Arguably the most memorable natural area in this part of the Southwest, White Sands National Monument preserves the best part of the world's largest gypsum dune field, an area of 275 square miles of pure white gypsum sand reaching out over the floor of the Tularosa Basin in wavelike dunes. Plants and animals have evolved in special ways to adapt to the bright white environment here. Some creatures have a bleached coloration to match the whiteness all around them, and some plants have evolved means for surviving against the smothering pressures of the blowing sands.
The surrounding mountains -- the Sacramentos to the east, with their forested slopes, and the serene San Andres to the west -- are composed of sandstone, limestone, sedimentary rocks, and pockets of gypsum. Over millions of years, rains and melting snows dissolved the gypsum and carried it down into Lake Lucero. Here the hot sun and dry winds evaporate the water, leaving the pure white gypsum to crystallize. Then the persistent winds blow these crystals, in the form of minuscule bits of sand, in a northeastern direction, adding them to growing dunes. As each dune grows and moves farther from the lake, new ones form, rank after rank, in what seems an endless procession.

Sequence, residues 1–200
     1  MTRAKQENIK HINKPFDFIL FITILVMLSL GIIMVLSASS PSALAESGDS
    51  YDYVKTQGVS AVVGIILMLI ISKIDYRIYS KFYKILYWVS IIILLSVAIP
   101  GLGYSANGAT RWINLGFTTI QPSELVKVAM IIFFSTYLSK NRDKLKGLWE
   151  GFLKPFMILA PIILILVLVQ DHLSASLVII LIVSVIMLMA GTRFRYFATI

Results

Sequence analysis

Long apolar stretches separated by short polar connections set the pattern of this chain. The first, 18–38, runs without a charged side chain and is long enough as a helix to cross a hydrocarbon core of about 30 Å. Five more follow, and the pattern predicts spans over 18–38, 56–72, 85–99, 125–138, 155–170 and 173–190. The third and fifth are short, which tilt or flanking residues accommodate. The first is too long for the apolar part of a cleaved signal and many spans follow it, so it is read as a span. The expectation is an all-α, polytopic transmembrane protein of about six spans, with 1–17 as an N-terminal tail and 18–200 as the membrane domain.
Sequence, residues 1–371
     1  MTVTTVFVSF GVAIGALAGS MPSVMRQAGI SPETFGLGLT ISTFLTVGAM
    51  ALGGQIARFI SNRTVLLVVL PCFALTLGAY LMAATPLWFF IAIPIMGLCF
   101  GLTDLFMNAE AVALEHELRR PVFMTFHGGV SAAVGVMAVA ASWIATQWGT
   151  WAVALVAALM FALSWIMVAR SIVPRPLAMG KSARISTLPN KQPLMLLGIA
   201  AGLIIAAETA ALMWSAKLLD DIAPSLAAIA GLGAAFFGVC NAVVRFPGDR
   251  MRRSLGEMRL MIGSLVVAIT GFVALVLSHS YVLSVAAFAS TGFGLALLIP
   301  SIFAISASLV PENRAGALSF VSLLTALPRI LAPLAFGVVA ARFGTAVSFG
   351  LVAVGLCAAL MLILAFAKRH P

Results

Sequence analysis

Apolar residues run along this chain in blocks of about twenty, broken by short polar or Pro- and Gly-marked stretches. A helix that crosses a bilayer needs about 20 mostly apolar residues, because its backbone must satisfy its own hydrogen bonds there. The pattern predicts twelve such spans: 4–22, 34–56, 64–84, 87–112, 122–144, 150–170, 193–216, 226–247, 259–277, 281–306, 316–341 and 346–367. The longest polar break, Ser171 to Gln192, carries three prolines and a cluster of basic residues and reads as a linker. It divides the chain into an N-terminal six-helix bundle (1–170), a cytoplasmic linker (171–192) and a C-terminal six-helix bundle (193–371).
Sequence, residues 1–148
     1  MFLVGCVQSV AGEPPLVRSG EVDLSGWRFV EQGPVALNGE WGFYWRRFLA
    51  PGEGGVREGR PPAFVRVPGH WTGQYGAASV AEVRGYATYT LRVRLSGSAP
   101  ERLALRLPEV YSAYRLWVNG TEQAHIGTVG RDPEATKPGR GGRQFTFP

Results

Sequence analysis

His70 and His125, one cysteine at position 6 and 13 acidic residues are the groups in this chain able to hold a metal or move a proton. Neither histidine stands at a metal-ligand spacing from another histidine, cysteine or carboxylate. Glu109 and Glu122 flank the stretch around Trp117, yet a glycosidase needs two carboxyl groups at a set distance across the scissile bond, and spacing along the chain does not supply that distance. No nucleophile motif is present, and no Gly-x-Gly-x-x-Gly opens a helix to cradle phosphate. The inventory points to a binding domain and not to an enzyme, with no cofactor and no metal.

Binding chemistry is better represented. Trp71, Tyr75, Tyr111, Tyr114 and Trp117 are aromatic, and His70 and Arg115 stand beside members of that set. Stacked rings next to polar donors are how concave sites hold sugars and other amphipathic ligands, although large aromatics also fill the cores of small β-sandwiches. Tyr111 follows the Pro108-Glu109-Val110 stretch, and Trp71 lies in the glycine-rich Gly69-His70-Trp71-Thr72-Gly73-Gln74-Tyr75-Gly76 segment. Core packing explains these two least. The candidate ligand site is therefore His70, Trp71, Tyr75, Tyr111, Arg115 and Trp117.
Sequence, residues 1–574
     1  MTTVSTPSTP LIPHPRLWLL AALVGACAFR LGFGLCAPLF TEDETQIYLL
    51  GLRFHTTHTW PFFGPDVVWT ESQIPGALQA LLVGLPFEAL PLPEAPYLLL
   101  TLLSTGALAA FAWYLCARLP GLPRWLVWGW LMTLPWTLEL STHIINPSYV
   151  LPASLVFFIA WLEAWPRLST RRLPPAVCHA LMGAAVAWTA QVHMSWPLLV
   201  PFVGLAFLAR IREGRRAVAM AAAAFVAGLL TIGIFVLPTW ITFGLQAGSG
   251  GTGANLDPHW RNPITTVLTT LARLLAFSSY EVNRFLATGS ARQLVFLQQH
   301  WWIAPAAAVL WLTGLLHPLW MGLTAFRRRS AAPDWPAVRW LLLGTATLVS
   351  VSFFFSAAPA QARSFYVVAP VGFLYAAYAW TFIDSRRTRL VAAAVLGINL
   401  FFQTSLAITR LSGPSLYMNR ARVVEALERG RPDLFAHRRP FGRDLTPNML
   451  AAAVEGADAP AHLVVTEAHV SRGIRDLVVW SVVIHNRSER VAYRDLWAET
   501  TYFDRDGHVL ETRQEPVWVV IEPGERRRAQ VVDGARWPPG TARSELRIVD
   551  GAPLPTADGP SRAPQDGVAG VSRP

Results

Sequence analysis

The dunes are especially enchanting at sunrise and under the light of a full moon, but you'll have to camp here to experience this extraordinary sight. If you're not camping, you'll probably want to spend only a couple of hours here. Refreshments and snacks can be purchased at the visitor center, along with books, maps, posters, and other souvenirs; however, no dining or grocery facilities are available here.
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